This post is one of a series on my content production system, developed over 10 years and designed to scale content end-to-end in 6 months as an acquisition channel.
Here are the other posts in the series:
- Why the winner takes all in Content Marketing
- What everyone gets wrong about Content Strategy
- Building Your Keyword Universe
- Minimum Viable Technical SEO Audit
- Recruiting good Freelance Writers
- How to write blog content at scale
- Growth engineering for SEO
- Link building for authority
- Content Repurposing for Social Promotion (this post)
Most businesses spend all their time and money creating content, and almost none of their time promoting it. Internal targets are set based on publishing cadence – 3 new blog posts, 1 new podcast, 5 new videos – so you hit publish and pray the algorithm is in your favor.
You’ve done all the hard work to create it, so why not repurpose that content into social media posts to promote it? The truth is that it’s hard enough to finish a good piece of content. Half the time you’re not even sure how the piece will turn out. Now that it’s done you just want to take a break and move on, not stress about how to make it ‘go viral’ on social media. However the benefits of repurposing your video, text, and audio content are massive. I’ve seen even posts get thousands more visitors, sometimes on the fourth or fifth time we posted.
Most of the difficulty in producing quality content is in coming up with interesting ideas, researching the topic deeply, and developing a unique opinion on it: an investment sometimes totalling thousands of dollars. As Derek Halpern says “It’s smarter to find another 10,000 people to consume what you’ve already created as opposed to creating more”. Finding a way to generate multiple assets from each piece of content is key to making the economics work.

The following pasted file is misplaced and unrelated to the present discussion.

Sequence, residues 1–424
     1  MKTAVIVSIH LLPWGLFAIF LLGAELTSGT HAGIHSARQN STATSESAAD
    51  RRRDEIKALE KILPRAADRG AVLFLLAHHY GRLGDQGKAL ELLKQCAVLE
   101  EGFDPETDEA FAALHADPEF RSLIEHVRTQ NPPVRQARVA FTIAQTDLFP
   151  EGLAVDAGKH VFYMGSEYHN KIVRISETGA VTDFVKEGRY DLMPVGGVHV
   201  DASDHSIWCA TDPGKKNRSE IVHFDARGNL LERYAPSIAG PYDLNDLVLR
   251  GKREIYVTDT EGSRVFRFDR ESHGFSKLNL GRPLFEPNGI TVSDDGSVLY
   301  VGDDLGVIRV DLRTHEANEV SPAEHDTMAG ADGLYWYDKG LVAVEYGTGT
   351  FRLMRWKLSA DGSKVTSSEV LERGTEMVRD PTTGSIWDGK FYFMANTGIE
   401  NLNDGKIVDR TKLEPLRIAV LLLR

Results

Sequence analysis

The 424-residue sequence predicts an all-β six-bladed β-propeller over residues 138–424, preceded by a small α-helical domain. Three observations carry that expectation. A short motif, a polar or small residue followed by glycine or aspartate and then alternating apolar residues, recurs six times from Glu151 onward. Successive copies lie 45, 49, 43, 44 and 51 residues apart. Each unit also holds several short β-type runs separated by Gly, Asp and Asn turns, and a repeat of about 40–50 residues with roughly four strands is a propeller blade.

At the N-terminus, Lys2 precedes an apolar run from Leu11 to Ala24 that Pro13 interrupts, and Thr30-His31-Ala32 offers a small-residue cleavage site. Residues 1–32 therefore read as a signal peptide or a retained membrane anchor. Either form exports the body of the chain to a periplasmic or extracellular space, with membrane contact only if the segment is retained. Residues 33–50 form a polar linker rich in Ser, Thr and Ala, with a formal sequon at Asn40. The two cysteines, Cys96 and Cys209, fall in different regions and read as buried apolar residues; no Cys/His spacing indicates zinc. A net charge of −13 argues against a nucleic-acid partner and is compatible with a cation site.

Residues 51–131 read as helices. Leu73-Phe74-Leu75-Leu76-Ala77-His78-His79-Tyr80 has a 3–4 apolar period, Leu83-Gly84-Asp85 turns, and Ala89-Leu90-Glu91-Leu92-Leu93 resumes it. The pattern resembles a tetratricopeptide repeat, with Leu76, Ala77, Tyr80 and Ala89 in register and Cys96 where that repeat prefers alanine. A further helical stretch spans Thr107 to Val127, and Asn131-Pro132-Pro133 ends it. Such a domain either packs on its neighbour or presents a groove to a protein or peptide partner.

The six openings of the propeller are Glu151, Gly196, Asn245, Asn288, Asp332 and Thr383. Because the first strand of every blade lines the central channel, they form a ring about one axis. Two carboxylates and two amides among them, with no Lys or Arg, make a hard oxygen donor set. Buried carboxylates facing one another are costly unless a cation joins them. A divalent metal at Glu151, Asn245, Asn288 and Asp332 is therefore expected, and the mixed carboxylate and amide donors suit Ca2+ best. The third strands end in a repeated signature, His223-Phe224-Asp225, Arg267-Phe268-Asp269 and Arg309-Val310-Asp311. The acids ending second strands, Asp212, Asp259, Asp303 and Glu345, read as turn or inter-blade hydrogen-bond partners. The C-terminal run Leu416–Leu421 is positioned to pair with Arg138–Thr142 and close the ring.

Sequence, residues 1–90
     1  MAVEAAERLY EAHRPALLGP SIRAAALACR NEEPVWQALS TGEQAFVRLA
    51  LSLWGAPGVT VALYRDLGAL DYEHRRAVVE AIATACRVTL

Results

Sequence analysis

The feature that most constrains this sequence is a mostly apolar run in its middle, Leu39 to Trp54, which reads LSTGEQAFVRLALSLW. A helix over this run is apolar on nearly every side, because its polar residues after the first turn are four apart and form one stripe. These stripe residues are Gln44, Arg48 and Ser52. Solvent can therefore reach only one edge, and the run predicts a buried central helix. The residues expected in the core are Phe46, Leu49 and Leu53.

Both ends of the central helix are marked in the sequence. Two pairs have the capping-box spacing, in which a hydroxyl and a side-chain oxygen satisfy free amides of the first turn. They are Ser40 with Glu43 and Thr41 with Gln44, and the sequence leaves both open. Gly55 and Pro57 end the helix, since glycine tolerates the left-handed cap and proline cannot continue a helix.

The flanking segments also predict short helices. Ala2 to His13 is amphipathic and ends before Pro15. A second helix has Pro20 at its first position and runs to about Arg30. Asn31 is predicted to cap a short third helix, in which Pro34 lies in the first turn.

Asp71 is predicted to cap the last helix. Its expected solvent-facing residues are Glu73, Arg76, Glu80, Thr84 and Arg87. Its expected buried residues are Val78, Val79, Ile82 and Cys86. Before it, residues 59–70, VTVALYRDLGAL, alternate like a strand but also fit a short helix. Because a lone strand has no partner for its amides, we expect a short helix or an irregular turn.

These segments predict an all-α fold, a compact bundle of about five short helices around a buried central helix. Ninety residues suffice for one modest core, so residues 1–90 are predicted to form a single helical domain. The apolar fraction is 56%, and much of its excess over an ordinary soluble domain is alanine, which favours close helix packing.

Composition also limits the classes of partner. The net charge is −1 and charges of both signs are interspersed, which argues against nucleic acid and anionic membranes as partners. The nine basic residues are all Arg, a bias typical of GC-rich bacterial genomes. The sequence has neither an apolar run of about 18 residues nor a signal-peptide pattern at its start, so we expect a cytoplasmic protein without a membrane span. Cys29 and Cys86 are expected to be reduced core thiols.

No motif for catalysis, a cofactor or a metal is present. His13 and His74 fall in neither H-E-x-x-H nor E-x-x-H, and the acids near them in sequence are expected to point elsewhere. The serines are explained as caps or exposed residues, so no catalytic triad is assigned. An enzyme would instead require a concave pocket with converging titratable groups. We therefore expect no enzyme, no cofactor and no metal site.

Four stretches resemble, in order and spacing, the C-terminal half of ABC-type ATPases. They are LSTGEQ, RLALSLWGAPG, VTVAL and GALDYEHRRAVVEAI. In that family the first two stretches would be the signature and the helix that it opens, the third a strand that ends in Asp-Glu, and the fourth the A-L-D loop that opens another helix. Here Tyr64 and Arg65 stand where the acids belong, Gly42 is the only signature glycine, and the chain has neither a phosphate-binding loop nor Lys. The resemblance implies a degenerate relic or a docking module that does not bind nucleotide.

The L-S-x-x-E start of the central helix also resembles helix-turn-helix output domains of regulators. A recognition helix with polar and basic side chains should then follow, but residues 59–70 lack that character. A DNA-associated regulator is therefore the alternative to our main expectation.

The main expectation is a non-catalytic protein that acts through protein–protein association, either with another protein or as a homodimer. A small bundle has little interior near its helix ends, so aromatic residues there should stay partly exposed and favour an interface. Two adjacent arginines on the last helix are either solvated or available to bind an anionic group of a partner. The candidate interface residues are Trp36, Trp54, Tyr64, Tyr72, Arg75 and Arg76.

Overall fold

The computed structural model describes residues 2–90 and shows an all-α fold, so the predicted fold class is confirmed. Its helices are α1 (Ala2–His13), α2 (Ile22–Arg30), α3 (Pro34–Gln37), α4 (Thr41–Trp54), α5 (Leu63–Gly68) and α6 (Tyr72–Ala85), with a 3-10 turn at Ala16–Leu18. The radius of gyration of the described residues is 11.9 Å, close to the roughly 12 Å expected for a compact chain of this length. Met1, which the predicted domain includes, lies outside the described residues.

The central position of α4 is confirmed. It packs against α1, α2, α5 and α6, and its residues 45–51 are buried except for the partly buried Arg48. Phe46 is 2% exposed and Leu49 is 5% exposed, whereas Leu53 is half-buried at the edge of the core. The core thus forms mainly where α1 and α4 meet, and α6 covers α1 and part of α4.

As Joel Klettke from Case Study Buddy describes it, you can turn one core asset into a whole campaign with "progressively deeper assets suited to difference 'appetites' of your leads, prospects, and clients."
To illustrate an example of how this can be done in practice, I’ll take the example of a video tutorial for Vexpower, an online marketing training business I co-founded.
The key to working with video is to transcribe it. Once it’s in text format you can much more easily turn the video into various pieces of content. I use Loom to record my videos, so I get a nice transcript of the video automatically, though I’ve had success with tools like Descript in the past, as well as the various cloud transcription APIs if you’re doing this programmatically.
Now that you have a transcript, you have something you can work with. Text is the universal format of communication between humans, but also computers. We can either comb through the transcript ourselves for interesting quotes, or ask an AI model like GPT-3 to highlight some for us. This method isn’t foolproof, and it takes some work iterating to get the prompt exactly right, and reliable across a wide variety of content formats.
This is where you see the value of a good transcription service: the second quote down got things slightly wrong. Once you have clean highlighted quotes can then be used to clip the video at those specific timestamps. With video clips you can post them to Twitter, or TikTok, or upload them to Youtube Shorts, which most people don’t realize is already generating billions of daily views. It’s possible to overlay text on the videos as well as change the text in the post copy or video description. For this you could use GPT-3 again to summarize the quote.
This isn’t ready to post as of yet, so we could pass this idea to our social media team to rewrite. However we could actually rely on GPT-3 again to tidy up the response, in effect using GPT-3 to fix its own work! Note that AI responses are not deterministic, so while some responses are genuinely amazing, you don’t get reliable responses every time, and it can help to have a human in the loop, or multiple layers of testing and evaluation of your prompts.
From one video you can create multiple social media posts to space out over the next few weeks or months, and you can do that for every new video you create. Now that you have the transcript however you can repurpose it in other ways. For example with some editing it can be turned into a blog post, a presentation to post on Slideshare, or a long form essay posted to LinkedIn or Medium. Once you start repurposing content, it’ll change the way you create content: you’ll start thinking about promotion from the beginning, and new opportunities to repurpose content into different platforms will present themselves.
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